For example, there are a total of 570,000 employees working on Apple’s product development team. Only 63,000 of those workers, however, are directly employed by Apple. The vast majority are contractors and third-party hires.

“It really has changed the potential for mobility within a company, and that’s part of why we’re seeing an increased trend of people job-hopping and moving from company to company,” Zaber said.

4. Rising costs of living

Finally, the costs associated with renting and owning property, accessing post-secondary education, purchasing a healthcare plan, and hiring childcare have all dramatically increased. Since these are all characteristics of a middle-class lifestyle—at least, according to a consumption-based definition—when their prices increase, it poses a massive barrier for low-income Americans attempting to enter the middle class. Younger generations face their own specific challenges as well, such as graduating in a recession and facing an increased reliance on debt to finance their higher education.

These circumstances may sound discouraging, but fear not, Zaber assured. She offered younger attendees a number of reasons to be hopeful about their financial futures.

First, Zaber noted that prior to the pandemic, millennials were saving for retirement at rates experts had not seen among any prior generation. This financially responsible behavior, Zaber explained, shows that millennials are thinking about the long-term and are concerned about their future standard of living.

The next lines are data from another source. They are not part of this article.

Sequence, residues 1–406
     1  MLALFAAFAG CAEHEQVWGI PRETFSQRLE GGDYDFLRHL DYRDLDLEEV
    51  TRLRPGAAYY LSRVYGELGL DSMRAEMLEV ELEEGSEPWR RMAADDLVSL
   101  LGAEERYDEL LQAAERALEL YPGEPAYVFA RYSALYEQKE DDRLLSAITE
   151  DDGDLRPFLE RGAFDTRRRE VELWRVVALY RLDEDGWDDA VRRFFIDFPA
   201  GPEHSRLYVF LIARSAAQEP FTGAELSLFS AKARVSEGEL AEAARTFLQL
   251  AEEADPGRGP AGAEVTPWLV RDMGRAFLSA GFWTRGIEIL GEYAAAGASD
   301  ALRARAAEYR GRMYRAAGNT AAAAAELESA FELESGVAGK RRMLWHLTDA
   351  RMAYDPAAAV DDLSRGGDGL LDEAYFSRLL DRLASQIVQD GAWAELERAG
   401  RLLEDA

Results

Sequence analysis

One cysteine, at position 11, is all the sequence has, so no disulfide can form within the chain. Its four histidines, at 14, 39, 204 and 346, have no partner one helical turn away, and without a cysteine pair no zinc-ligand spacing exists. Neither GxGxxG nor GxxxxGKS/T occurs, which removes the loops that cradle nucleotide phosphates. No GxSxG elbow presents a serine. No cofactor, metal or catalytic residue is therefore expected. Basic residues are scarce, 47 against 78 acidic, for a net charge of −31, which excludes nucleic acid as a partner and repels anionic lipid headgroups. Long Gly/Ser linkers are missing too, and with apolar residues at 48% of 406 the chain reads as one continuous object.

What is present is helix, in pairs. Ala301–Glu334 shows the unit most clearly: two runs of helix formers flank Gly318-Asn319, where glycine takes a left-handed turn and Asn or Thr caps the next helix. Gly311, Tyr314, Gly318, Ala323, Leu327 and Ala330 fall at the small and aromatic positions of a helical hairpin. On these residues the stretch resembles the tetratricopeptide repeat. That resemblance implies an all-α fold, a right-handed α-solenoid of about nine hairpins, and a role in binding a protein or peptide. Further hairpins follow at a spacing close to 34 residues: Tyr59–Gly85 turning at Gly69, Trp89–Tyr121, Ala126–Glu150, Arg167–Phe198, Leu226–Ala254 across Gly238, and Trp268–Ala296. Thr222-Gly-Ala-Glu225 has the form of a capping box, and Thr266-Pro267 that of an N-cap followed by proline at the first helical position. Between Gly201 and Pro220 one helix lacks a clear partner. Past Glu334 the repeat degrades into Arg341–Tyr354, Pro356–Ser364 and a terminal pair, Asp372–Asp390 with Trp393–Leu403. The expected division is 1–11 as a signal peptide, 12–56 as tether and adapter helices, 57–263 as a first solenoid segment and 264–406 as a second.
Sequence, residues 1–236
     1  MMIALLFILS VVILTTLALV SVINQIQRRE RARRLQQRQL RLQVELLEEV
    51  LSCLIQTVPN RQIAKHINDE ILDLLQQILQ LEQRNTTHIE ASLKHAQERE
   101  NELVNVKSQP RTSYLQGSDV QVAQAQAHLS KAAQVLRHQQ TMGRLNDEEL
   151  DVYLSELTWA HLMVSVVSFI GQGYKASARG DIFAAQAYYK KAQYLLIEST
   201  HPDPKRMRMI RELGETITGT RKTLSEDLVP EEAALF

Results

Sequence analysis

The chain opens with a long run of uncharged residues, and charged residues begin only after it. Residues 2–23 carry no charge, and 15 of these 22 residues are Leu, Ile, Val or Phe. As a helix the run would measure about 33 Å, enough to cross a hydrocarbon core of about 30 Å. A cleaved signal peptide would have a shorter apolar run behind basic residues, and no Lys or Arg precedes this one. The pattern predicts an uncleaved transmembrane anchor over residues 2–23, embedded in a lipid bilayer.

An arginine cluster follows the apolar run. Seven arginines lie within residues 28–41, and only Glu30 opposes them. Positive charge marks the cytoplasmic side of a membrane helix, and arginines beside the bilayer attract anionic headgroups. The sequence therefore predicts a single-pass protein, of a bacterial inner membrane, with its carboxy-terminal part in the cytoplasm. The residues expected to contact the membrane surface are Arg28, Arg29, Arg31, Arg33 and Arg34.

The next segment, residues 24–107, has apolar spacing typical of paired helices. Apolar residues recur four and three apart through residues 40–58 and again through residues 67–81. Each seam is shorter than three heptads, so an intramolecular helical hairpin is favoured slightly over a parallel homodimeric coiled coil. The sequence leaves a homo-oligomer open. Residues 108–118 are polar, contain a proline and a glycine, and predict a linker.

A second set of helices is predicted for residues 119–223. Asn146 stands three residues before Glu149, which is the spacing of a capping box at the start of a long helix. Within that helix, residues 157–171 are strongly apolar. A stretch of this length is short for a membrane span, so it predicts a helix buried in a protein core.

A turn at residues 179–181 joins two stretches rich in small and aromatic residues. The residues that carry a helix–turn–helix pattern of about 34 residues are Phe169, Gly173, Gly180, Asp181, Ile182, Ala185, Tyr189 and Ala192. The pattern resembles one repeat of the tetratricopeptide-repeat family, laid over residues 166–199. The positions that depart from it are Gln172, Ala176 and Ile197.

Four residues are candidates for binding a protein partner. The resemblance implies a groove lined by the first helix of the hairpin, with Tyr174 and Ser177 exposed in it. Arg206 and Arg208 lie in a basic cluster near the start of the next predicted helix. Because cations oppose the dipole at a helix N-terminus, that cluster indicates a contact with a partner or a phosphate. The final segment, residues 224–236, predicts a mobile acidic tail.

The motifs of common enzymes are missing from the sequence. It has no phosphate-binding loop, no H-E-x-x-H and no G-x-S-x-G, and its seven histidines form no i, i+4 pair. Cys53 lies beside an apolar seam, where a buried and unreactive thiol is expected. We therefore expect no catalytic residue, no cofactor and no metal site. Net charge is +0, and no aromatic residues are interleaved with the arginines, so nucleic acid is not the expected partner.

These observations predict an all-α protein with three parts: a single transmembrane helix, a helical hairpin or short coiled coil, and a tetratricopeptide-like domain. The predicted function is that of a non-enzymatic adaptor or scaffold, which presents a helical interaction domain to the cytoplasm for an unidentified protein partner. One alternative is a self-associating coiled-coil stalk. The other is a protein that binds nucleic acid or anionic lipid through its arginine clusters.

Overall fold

Moreover, millennials are now the largest cohort of workers in the United States, with Gen Z poised to overtake them in the near future. “And with numbers, comes power,” Zaber said. Millennials have proven their ability to change the discourse surrounding key public policy issues, and they hold the potential to change workplace policies as well. Among these, according to Zaber, are workplace policies related to diversity, equity, and inclusion. 

Finally, Zaber noted that there have been several public policy changes made at the federal level to provide low-income Americans with the support they need to enter the middle class. She pointed out that the previous presidential administration invested in apprenticeships as a pathway to the middle class, while the current administration is pursuing free community college for low-income or all Americans. 

The event concluded on an optimistic note. Zaber emphasized that millennials can make it into the middle class by doing “things that young people were already doing before the pandemic and recession: get the education that you can complete, live within your means, and save for the future.”

For more insights into what the future looks like for young Americans, join Free the Facts and Dr. Kathryn Edwards, economist and professor at the Pardee RAND Graduate School, on July 21st for the second event of the 2021 Summer Series.